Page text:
Physicians should cut the jokes, concentrate on good communication and being on time

LETTER — Posted June 21, 2004

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Regarding "Exam room comedy best used with caution," (Article, May 24/31):

As a psychologist, physician's wife, and sometimes patient-in-the-exam-room, I agreed with the title of this article, but was dismayed by the examples given, and would not find any of them funny.

Because of the power imbalance in the physician-patient relationship, patients may laugh at or decline to comment on jokes, thus misleading the physician into thinking that humor has been well received.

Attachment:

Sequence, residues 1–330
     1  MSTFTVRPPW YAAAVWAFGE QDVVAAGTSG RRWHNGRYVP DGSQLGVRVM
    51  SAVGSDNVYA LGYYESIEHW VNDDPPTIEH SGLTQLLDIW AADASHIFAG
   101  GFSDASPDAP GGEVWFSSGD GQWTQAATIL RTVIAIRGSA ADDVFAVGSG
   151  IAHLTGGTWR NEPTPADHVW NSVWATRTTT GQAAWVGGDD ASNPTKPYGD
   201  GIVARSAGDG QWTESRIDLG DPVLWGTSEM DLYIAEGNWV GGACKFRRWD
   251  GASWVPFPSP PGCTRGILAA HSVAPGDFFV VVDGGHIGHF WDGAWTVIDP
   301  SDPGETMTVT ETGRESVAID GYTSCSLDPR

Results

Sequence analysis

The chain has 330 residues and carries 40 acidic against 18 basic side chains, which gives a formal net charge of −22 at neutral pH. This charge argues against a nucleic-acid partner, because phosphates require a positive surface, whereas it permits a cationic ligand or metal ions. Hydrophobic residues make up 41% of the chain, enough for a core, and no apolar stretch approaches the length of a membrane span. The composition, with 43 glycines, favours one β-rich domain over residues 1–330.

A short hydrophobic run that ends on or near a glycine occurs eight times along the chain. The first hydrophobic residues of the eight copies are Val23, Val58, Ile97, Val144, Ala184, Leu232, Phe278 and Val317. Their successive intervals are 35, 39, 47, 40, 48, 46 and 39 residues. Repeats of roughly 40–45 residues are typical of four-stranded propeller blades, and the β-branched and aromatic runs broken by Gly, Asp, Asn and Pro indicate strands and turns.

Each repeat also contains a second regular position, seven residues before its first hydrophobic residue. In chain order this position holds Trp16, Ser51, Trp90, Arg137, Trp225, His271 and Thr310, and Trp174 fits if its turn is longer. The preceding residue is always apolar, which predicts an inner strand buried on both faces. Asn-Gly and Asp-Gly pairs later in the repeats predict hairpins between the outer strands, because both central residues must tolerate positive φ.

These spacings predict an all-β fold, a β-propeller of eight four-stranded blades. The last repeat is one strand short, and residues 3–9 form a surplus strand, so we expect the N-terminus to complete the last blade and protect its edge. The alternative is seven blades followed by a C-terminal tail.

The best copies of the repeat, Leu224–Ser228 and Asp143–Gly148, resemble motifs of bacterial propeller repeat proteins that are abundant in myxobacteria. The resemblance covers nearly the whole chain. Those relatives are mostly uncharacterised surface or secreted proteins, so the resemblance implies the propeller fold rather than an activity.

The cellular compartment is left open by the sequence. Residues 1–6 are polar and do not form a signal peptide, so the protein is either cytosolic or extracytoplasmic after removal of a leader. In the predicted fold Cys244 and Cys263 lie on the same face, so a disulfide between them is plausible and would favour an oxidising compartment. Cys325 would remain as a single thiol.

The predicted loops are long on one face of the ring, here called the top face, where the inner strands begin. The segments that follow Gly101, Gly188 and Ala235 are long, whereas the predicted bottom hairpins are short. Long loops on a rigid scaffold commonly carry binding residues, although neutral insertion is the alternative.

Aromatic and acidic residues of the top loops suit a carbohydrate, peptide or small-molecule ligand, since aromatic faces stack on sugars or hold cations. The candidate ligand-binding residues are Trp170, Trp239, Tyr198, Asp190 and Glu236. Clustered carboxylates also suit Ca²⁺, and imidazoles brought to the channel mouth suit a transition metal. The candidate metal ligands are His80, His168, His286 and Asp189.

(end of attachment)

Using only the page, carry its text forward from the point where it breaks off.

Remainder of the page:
Rather than a humorous physician, I would prefer one who sees me on time, sits down and makes eye contact while listening to my concerns, takes time to offer explanation or recommendations, and answers my questions.

All of this "relaxes patients and helps build a connection" much better than levity.

Virginia Collings, PhD, Berea, Ohio

Note: This item originally appeared at http://www.ama-assn.org/amednews/2004/06/21/edlt0621.htm.

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